There are traditional Indonesian flutes tuned outside the Western scale, and they hit the microtones that, as Muddy Waters put it, “fall between the cracks in the piano keyboard.” Thelonius Monk, a world music devotee, compensated for what he perceived as a gap in the musical scale by teaching himself to hit two adjoining piano keys lightly but in tandem. “Tales of Pangea” addresses the same issue with studio strategy.
It is a good record to have for vocal training, meditation, massage and preparation for spiritual and deeply intellectual pursuits.
We received two versions of this album, the original Spanish edition and the international release by Arc Music. Ana Alcaide is the remarkable Spanish world music artist who uses the traditional Swedish instrument called nyckelharpa to explore the musics of Spain, the Mediterranean and beyond. On this project, Ana traveled far away to Southeast Asia to collaborate with Indonesian musicians.
Ana Alcaide spent time in West Java (Indonesia), collaborating with local musicians to develop a fusion on Eastern and Western influences. The project came about when Franki Raden of Gotrasawala Festival invited Ana Alcaide to collaborate with Sundanese musicians. Ana worked with a collective of local musicians that was named Gotrasawala Ensemble.
The recording sessions took place in Bandung (West Java) and San Martin de Valdeiglesias (Madrid) with a mix of original compositions by Ana Alcaide, Rudi Rodexz and traditional pieces. The result is a beautiful set of melodic musical pieces where the distinct flavor of Asian bamboo flutes, percussion, vocals and zithers meets the European folk and classical traditions, jazz, and the mesmerizing hurdy gurdy-like sound of the nyckelharpa.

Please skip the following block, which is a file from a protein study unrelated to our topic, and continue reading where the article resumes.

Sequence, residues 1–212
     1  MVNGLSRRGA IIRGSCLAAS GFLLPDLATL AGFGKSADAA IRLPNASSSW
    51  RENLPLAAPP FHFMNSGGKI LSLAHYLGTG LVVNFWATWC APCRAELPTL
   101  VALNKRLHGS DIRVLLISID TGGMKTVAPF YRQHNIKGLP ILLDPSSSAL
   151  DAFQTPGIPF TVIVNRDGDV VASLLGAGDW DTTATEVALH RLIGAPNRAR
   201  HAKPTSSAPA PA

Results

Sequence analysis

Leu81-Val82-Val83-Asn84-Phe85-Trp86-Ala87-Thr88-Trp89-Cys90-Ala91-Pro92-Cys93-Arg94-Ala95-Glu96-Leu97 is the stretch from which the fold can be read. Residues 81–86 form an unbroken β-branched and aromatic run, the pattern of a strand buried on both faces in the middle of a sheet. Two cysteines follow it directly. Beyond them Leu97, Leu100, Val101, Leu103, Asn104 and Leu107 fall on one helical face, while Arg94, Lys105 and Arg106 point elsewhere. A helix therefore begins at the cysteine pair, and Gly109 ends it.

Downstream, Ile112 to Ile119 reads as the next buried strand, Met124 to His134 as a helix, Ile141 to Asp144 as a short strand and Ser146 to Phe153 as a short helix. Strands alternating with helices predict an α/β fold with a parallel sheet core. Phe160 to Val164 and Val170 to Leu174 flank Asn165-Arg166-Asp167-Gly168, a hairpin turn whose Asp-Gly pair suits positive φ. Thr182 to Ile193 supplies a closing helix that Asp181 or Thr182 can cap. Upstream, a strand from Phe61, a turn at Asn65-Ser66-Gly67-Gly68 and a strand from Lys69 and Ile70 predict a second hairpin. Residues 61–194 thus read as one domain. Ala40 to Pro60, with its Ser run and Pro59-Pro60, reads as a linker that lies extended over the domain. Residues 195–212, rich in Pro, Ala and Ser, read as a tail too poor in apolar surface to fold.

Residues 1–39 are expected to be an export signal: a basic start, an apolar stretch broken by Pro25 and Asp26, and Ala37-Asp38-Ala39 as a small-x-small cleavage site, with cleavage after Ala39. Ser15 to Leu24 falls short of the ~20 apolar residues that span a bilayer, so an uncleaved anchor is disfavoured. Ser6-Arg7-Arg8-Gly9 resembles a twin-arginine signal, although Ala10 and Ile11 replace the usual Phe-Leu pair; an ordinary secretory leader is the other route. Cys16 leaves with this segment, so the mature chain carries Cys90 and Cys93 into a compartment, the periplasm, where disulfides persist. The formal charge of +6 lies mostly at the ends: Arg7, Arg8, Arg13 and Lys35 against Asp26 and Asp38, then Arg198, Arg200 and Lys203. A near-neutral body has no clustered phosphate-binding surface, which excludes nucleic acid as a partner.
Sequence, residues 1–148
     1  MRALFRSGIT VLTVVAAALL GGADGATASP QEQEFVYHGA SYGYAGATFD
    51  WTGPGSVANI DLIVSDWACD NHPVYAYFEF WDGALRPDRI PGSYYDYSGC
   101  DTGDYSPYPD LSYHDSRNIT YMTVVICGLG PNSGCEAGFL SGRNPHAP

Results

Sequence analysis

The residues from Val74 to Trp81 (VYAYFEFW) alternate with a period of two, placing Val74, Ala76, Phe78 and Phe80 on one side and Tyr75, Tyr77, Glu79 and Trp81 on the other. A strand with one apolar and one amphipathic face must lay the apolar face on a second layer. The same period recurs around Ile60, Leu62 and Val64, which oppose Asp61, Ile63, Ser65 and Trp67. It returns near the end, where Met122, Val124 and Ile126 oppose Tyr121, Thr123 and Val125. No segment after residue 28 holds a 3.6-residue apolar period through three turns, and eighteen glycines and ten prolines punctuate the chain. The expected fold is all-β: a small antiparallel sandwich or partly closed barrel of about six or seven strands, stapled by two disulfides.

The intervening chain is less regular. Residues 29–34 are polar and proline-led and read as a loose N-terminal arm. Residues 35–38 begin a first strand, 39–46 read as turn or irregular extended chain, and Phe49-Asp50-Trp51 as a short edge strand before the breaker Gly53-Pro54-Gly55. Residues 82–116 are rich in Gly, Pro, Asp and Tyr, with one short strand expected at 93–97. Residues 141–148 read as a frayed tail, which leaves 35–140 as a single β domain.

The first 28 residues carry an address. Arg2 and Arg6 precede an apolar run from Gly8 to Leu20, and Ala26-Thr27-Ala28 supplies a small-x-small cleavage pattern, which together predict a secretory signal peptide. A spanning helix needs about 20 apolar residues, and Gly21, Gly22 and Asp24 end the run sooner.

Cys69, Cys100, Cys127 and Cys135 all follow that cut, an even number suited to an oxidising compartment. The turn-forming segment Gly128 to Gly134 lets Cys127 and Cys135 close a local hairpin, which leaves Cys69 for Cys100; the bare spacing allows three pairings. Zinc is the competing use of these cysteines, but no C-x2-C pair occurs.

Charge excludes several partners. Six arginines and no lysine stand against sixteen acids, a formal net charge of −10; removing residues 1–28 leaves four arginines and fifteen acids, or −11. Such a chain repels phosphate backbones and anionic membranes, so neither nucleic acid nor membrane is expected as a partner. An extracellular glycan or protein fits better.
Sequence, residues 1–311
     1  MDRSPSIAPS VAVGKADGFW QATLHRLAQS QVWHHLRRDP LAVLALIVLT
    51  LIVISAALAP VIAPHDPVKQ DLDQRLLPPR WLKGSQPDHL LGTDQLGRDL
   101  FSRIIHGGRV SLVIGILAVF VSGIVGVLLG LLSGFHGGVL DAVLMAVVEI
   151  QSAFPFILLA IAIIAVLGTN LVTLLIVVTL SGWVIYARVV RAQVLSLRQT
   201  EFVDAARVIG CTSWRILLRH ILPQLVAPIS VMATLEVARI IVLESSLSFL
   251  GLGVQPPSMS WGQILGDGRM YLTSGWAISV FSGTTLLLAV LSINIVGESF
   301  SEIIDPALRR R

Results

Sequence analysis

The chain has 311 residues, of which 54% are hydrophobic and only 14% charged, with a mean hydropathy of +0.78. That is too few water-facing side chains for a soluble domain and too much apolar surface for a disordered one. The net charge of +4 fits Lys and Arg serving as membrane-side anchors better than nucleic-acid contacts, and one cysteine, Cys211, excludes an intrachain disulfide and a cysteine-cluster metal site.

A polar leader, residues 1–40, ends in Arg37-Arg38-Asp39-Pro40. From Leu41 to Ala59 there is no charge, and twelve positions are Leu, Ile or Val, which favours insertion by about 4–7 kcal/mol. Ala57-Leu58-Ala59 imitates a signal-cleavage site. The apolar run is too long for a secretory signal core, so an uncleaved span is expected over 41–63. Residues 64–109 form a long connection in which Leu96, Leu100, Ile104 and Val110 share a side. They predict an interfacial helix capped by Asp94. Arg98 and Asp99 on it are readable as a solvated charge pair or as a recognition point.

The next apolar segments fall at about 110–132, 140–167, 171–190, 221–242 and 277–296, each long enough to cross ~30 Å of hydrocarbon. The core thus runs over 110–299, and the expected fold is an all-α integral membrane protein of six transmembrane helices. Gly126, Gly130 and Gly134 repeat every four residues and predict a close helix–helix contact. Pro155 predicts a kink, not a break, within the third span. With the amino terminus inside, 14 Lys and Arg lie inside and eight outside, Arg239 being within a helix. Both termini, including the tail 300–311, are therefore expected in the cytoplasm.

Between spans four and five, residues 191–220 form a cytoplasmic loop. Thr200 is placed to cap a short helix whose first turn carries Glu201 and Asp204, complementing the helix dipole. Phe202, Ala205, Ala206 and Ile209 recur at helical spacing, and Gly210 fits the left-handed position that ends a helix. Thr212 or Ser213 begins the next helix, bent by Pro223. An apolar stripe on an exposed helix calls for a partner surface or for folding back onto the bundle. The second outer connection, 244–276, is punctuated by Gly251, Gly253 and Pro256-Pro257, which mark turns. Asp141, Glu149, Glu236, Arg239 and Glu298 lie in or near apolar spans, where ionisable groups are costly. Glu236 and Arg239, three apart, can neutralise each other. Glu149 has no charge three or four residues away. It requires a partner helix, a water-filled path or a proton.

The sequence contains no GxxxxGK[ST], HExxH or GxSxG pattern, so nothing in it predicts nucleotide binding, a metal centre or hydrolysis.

The lineup on Tales of Pangea includes Ana Alcaide on nyckelharpa; Bill Cooley on psaltery, ud, clay pot; Novi Aksmiranti on vocals; Rudi Rodexz on bansing (bamboo flute), kecapi (Indonesian zither), Hang drum, vocals; Riky Oktriyadi on kendang (barrel drum), selentem (gamelan metallophone), frame drums, hand percussion; Rudini Zhiter on kecapi (Indonesian zither); Iman Jimbot on suling (bamboo flute), vocals; and Ray Sandoval on Spanish guitar.
Tales of Pangea is a splendid album by a groundbreaking artist in the current world music scene.
One joy of being a world music head is discovering the many and varied instruments that are used to make music around the globe. Yes, “discovering” is too lofty a word for what’s new to me but old hat to countless people from another culture. Still, coming across the sound of an instrument that I’d previously never heard or never listened to closely is reason to celebrate.